Dambal is known for its 12th-century Chalukya Doddabasappa Temple.


This is the biggest city after Gadag in Gadag District. Gajendragad is known for its hill fort and Kalakaleshwara temple, Nagavi, the famous Yellammadevi temple and a hill-view choultry under construction. It is just 8 km from Gadag and is a politically rich village.


Harti has a number of Hindu temples. The Shri Basaveshwara Temple has an annual festival featuring a procession. Other temples, such as the Parvati Parameshwara temple (Uma Maheshwara Temple), have stone carvings from the Chalukya period.


About 22 kilometres (14 mi) from Gadag, the agricultural village is also known for its Someswar and Durgadevi temples. Chamarasa, author of the Prabhulingaleele, was born nearby.


Home to the largest Jain temple built by the Rastrakuta dynasty[1]


About 12 kilometres (7.5 mi) from Gadag, the village is known for old temples.


Belavanniki is about 33 km from Gadag. The village is known for the statue of Veerabhadra which is considered to be best sculpture of its kind in recent times. Earlier, the village was part of Belavalanaadu-300 or Belvola-300 therefore from that its name was derived. It is also the Birthplace of well known social activist S. R. Hiremath.


Ron's historic monuments include Anantsayee Gudi, Isvara Gudi, Isvara Temple, Kala Gudi, Lokanatha Temple, Mallikarjuna Gudi, Parsvanath Jain temple and the Somlingesvara temple.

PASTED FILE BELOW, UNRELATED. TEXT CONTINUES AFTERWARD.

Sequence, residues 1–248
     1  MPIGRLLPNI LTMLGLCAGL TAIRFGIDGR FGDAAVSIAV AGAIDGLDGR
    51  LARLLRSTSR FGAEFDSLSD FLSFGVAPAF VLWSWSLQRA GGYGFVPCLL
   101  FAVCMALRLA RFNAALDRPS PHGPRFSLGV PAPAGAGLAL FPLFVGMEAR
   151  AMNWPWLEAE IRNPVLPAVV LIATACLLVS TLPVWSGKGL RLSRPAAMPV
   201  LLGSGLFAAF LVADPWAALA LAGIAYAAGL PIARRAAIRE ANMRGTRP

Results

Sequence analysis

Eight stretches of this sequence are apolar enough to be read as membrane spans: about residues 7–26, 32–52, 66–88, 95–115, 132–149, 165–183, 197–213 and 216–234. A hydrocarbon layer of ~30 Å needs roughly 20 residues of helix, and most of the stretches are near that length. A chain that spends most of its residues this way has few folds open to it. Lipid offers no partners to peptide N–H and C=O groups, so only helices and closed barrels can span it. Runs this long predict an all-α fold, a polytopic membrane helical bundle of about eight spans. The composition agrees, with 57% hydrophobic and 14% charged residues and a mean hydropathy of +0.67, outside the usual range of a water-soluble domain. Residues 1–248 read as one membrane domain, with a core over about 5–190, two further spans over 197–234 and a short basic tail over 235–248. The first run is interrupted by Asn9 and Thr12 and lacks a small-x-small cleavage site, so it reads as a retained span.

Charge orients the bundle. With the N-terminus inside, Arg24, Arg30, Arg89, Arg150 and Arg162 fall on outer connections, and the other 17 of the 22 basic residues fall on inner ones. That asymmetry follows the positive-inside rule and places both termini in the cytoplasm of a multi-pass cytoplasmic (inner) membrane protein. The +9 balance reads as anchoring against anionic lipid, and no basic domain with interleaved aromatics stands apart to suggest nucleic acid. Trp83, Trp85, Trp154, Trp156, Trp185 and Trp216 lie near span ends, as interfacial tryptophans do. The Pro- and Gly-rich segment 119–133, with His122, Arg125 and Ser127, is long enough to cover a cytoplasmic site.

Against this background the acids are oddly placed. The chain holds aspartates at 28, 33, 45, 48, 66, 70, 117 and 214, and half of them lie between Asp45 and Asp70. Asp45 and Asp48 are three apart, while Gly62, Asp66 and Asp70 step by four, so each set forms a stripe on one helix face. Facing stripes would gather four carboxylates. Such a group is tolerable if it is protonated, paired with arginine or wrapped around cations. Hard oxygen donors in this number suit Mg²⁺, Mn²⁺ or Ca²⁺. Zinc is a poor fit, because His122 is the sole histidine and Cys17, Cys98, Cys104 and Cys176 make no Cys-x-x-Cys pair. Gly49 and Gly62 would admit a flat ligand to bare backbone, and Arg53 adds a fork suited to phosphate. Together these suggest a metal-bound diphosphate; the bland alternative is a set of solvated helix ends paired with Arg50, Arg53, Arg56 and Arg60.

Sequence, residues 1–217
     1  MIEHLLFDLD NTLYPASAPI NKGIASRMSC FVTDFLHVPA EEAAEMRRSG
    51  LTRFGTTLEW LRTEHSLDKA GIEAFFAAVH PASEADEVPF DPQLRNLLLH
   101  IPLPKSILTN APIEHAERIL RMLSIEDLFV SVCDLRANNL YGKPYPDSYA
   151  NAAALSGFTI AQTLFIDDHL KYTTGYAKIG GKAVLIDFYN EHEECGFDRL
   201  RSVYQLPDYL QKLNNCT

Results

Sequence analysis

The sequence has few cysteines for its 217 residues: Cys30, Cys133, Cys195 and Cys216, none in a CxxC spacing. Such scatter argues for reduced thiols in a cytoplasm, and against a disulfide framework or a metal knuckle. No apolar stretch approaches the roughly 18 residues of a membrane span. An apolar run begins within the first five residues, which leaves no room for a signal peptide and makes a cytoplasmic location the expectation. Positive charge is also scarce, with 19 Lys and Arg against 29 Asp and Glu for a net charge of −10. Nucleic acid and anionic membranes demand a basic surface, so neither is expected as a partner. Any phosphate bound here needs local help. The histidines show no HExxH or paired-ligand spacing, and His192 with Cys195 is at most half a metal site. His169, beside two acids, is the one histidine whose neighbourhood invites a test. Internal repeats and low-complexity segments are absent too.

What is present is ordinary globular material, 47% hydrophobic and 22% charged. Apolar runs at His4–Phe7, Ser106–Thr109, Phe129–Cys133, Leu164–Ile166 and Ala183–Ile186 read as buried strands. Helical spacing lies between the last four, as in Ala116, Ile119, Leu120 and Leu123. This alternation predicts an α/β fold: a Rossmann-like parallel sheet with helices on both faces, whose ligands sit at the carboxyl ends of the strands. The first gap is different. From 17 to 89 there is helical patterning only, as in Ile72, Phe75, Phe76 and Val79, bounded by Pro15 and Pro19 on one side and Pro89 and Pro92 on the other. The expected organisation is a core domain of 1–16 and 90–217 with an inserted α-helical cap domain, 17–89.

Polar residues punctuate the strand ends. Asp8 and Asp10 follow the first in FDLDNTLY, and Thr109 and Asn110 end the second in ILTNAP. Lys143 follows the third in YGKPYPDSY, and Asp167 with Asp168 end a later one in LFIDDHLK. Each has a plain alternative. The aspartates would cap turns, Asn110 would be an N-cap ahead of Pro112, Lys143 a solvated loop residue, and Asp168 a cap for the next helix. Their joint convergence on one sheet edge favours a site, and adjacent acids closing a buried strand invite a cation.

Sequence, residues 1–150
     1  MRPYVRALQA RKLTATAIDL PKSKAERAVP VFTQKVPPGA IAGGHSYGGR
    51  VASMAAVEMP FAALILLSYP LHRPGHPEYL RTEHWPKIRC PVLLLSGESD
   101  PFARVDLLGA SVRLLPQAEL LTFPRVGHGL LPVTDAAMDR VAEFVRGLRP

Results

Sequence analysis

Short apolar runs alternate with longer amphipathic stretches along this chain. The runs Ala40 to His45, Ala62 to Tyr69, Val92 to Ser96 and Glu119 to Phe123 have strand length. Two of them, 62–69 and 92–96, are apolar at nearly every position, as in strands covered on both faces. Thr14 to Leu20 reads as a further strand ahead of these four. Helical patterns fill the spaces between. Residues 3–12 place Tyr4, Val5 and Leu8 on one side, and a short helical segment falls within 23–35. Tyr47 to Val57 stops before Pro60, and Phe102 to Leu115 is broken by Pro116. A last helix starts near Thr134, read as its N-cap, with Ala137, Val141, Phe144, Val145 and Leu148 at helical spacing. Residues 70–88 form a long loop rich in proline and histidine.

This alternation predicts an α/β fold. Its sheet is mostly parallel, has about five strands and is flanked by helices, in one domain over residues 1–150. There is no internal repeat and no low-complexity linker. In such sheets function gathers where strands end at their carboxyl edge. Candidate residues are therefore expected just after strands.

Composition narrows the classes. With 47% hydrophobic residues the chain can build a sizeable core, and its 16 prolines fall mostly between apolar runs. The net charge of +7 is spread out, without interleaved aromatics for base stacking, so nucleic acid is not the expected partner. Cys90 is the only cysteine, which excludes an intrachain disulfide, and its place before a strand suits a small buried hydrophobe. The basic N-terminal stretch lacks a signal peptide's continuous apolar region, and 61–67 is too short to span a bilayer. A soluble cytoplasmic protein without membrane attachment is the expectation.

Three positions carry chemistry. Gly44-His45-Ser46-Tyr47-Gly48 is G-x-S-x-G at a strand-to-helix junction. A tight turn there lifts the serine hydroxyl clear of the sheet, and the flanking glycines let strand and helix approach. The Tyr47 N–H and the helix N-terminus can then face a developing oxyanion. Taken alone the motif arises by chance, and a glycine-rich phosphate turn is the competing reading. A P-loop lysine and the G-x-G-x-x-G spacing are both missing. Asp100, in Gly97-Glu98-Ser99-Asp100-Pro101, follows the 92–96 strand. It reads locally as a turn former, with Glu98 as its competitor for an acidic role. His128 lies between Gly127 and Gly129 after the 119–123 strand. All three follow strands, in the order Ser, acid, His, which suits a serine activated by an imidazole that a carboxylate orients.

About 16 kilometres (9.9 mi) from Gadag, the agricultural village is known for the Shri Ugra Narsimha, Dattatreya, Virupakhshalinga and Rama temples. Statues of Rama, Lakshmana and Sita were installed by Brahma Chaitanya. Writer and critic Kirtinath Kurtakoti hailed from the area.


Known for its role in the 1857 revolt, its 17th-century fort and the 1980s' Peasant movement during Gundu Rao's Chief Ministership of Karnataka and also as the birthplace of senior leader of Jana Sangh Jagannathrao Joshi.

Doni Tanda
RayaraTemple Belavanaki

About 24 kilometres (15 mi) from Gadag, and known for wind-power generation


About 10 kilometres (6.2 mi) from Gadag, and known for its Shri Rama Temple and statues of Sri Rama, Lakshmana and Sita

Antur Bentur

About 23 kilometres (14 mi) from Gadag, the agricultural village is known for the Shri Jagadguru Budimahaswamigala Sanstan math Antur Bentur – Hosalli. The matha is cared for by both Muslims and Hindus.


Historical population
YearPop.±% p.a.

According to the 2011 census the district has a population of 1,064,570.[3] This ranks it 426th in India (out of a total of 640).[3] The district has a population density of 229 inhabitants per square kilometre (590/sq mi).[3] Its population growth rate from 2001 to 2011 was 9.61 percent.[3] The district has a sex ratio of 978 females for every 1000 males[3] and a literacy rate of 75.18 percent.[3]